US President Donald Trump said he was skeptical a trade deal would be inked with India when he visits the country later this month, suggesting that any new pact would only come after the 2020 election – if he wins, that is.

“We can have a trade deal with India, but I’m really saving the big deal for later on,” Trump told reporters on Tuesday. “We’re doing a very big trade deal with India. We’ll have it. I don’t know if it’ll be done before the election, but we’ll have a very big deal with India.”

The president added that he happens “to like Prime Minister [Narendra] Modi a lot,” but said the United States was “not treated very well by India,” presumably referring to tariffs the country maintains on a number of American goods.

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Art of the deal? US reportedly pressures India to buy $6bn more American farm produce in exchange for some tariff cuts

Though the ongoing trade negotiations have run into snags in recent weeks – with New Delhi resisting demands that it boost purchases of US agricultural goods, for example – India has made a number of moves to sweeten the pot for a deal.

Indian trade officials have signaled that they are open to dropping duties on certain US farm goods, and last week suggested a significant tariff cut for Harley-Davidson motorcycles, now taxed at 50 percent. An earlier proposal would see India buy $2.6 billion in helicopters from US arms producer Lockheed Martin, while the State Department has approved another $1.9 billion contract for US-made missiles, radars and training gear.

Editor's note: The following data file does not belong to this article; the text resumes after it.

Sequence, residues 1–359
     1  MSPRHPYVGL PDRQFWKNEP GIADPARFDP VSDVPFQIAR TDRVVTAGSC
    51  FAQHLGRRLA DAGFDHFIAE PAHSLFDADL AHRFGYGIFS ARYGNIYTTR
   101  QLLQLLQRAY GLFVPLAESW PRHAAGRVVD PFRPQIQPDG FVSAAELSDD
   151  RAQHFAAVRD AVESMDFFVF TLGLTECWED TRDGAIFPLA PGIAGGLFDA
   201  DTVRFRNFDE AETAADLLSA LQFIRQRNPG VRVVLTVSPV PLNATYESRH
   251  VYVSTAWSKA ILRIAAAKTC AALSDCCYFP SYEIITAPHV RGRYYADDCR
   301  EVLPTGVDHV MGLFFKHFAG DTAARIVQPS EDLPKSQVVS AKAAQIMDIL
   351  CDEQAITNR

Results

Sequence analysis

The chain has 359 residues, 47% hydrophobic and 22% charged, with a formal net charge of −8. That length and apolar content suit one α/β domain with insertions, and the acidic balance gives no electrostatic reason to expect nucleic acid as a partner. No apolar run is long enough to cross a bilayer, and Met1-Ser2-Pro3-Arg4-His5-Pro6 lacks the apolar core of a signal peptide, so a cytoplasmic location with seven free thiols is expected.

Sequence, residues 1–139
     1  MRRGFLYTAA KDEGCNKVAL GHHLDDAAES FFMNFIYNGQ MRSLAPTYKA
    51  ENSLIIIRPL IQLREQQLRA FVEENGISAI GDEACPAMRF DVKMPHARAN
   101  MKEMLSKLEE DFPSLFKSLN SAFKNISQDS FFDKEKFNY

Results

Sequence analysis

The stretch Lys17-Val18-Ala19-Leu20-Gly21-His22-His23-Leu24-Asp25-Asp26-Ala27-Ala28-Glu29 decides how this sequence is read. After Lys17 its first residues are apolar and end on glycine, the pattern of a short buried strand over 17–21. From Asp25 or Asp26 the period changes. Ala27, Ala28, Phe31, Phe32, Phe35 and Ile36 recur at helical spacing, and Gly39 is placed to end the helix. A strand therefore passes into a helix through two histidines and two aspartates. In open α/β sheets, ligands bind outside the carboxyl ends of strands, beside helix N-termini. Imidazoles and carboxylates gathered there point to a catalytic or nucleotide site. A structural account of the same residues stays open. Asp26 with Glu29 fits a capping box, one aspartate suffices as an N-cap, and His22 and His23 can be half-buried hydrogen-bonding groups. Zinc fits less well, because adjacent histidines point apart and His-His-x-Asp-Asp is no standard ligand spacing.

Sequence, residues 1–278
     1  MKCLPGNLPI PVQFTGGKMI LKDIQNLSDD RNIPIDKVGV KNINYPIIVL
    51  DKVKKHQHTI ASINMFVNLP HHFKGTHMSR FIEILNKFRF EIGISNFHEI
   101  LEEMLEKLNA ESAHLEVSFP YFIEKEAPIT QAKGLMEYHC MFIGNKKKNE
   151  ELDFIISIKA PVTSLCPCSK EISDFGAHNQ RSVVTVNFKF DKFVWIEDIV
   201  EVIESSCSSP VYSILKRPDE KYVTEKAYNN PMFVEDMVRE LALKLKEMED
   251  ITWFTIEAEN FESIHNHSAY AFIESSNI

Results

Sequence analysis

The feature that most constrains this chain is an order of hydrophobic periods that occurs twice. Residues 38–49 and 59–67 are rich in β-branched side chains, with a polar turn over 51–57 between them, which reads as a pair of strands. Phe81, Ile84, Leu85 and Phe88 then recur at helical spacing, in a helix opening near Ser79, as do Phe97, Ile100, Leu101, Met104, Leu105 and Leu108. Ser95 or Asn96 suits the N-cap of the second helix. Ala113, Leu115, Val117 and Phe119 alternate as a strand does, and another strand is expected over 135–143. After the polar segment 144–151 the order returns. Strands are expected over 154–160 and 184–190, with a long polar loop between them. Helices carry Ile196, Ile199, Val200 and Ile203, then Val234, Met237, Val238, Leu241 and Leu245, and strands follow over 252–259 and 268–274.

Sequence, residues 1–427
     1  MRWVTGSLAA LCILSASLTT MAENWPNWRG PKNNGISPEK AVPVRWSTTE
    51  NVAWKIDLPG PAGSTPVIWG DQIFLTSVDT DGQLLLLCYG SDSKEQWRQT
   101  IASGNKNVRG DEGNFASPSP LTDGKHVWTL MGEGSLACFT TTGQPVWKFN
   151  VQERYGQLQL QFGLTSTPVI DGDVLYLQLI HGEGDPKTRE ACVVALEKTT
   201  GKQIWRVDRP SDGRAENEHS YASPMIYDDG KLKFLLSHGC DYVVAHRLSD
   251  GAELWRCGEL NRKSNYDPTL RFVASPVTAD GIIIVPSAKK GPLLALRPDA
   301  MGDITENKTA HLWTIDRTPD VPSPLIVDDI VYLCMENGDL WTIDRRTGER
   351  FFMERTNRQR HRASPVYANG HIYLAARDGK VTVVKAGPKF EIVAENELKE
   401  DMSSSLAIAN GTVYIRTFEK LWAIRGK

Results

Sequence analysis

With Trump’s latest comments and negotiations on the rocks, however, those concessions may still be insufficient to obtain a deal of any size by next week – let alone a “very big” one – when the president is slated to meet with his Indian counterpart during a state visit.

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FILE PHOTO: A truck ferries a shipping container at a port in the southern Indian city of Chennai.
Big ‘if’: Trump says he ‘looks forward’ to India trip while hinting at new trade deal, despite rocky negotiations

Trade tensions between Washington and New Delhi reached new heights last year after the US pulled India from its “Generalized System of Preferences” (GSP), a mechanism that grants tariff exemptions to certain favored allies. While the decision was meant to encourage India to drop levies on US goods, it backfired, resulting in a number of retaliatory tariffs on dozens of American products.

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